Curing Canada’s doctor shortage
We do not presume to know whether medical degrees should take four years to earn; or only three, as an editorial in the latest edition of the Canadian Medical Association Journal (CMAJ) suggests might be the case. But we know this: The length of time must be determined by medical necessity not fiscal expediency. Shortening the length of doctors’ professional education just so our socialized health care system can graduate more physicians is a non-starter.
It’s clear we have a problem. The country has approximately 15,000 too few doctors, a figure roughly double the total number of students in all years of study at our 17 medical schools combined. At a doctor-patient ratio of just 2.3 per 1,000 population, we are 24th on the list of 28 industrialized countries. Approximately 1.5 million Canadians cannot find a family physician as a result.
If this scarcity can be alleviated, even in part, by shortening the duration of doctor training, it might be worth a look, provided Canadians can also be reassured the change will not dull the skill of the country’s new doctors. However, it doesn’t go to the twin hearts of the problem: socialized medicine and centralized planning of health care. Graduating more doctors sooner won’t cure the underlying condition. Rather, it is more like treating a wound on the left hand by suturing the right one.
The doctor shortage began in the mid-1980s — not coincidentally, at the same time the last Trudeau government passed the Canada Health Act, which forbade user fees, balanced billing by doctors and private clinics and hospitals. Immediately, doctors began moving to the United States by the hundreds every year. The effects of this exodus were compounded in the early 1990s when provincial health ministers consciously decided to limit enrollments in their medical schools. Doctors, they reasoned, were the enemies of health budgets; limit the number of doctors and there would be fewer tests ordered, fewer hospital beds filled, fewer surgeries performed and lower costs to their department’s budget. (By this thinking, eliminating doctors altogether would really bring provincial cost into line.)
Over the quarter century since the Canada Health Act became law, approximately 12,000 Canadian doctors have moved south. According to another article in the CMAJ last winter, “this is the equivalent of having two average-sized Canadian medical schools dedicated to producing physicians for the United States” every year for 25 years. Add to this the way politicians and bureaucrats deliberately reduced the number of medical school graduates — the number fell 14% between 1991 and 2000 — and it is easy to see why there are too few doctors in this country. It’s not because our medical degrees are four-years long rather than three.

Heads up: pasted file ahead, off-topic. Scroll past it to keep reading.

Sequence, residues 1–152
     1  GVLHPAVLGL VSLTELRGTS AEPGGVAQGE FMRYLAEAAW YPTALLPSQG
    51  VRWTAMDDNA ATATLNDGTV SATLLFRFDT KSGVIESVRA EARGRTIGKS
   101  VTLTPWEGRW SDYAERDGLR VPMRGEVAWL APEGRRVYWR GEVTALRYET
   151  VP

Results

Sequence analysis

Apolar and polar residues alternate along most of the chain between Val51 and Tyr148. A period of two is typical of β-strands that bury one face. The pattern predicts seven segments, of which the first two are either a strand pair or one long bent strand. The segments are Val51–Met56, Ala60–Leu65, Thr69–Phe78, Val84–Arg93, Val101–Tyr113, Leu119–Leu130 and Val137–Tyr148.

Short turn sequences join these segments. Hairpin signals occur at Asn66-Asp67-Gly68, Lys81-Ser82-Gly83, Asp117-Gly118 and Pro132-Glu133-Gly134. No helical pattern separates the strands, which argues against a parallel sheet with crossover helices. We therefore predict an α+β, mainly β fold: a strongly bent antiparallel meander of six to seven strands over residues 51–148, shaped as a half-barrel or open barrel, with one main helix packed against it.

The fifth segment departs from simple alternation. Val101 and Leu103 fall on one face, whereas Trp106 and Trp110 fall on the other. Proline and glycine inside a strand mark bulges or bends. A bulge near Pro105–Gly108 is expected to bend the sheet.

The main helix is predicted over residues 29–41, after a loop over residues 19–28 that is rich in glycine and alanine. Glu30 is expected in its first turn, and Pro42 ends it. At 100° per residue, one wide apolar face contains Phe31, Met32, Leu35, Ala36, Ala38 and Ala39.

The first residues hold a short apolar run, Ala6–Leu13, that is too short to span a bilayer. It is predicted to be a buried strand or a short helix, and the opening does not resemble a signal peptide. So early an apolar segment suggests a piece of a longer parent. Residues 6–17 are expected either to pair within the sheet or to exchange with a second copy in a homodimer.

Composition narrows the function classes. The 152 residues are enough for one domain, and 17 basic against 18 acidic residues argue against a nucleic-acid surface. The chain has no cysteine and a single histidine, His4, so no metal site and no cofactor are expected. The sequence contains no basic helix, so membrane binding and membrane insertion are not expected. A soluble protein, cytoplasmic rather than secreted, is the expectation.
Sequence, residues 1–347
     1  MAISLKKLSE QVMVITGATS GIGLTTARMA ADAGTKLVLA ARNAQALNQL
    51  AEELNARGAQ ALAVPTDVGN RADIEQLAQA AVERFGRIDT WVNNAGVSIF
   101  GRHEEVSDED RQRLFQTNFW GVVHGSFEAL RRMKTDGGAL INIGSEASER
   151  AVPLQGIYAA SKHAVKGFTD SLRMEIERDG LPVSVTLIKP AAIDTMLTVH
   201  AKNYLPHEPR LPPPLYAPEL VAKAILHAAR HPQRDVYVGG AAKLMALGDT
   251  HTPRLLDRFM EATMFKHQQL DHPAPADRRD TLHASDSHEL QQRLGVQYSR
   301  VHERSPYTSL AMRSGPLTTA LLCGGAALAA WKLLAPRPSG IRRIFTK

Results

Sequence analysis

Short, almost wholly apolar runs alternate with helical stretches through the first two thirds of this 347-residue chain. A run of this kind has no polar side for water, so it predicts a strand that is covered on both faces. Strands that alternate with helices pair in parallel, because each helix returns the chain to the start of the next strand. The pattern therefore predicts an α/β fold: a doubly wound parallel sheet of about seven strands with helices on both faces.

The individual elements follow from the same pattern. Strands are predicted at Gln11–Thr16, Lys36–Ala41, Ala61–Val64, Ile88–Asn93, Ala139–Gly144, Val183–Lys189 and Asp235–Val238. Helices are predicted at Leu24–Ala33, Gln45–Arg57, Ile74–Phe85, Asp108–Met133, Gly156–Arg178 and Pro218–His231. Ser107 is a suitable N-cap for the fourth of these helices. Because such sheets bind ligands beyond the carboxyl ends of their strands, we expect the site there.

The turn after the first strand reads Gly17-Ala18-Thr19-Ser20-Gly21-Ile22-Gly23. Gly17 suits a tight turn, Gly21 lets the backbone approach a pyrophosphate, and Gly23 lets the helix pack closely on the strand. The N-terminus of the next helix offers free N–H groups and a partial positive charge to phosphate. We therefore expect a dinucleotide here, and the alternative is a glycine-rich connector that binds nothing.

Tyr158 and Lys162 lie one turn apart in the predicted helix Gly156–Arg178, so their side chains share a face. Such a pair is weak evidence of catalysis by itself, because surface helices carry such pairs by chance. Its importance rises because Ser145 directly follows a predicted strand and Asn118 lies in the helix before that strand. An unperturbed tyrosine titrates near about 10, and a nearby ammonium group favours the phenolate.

The governing bodies for doctors in each province — the colleges of physicians and surgeons — also deserve some of the blame. In most cases, they have willingly gone along with government caps on the number of doctors because it means less competition for existing doctors. The burden of this closed-shop attitude has been borne primarily by foreign-trained doctors who have more trouble being certified to practise in Canada than in most other industrialized jurisdictions. Many of the very best international doctors end up in the United States — even though some initially want to come here — simply because they are more welcome south of the border.
The Association of Faculties of Medicine of Canada is already studying what, medically, is the right length of time to school doctors. When it reports in 2009, it may well suggest shortening medical school to three years. But if it does, that will be tangential to solving our doctor shortage. Med schools didn’t create the shortage and they won’t be able to solve it. That will take courageous politicians willing to open up our health system to private innovation and physician competition.
Editor’s Note: This article originally appeared at nationalpost.com. It has been moved or deleted, we were unable to locate its new home. We will keep this archived on CG’s website.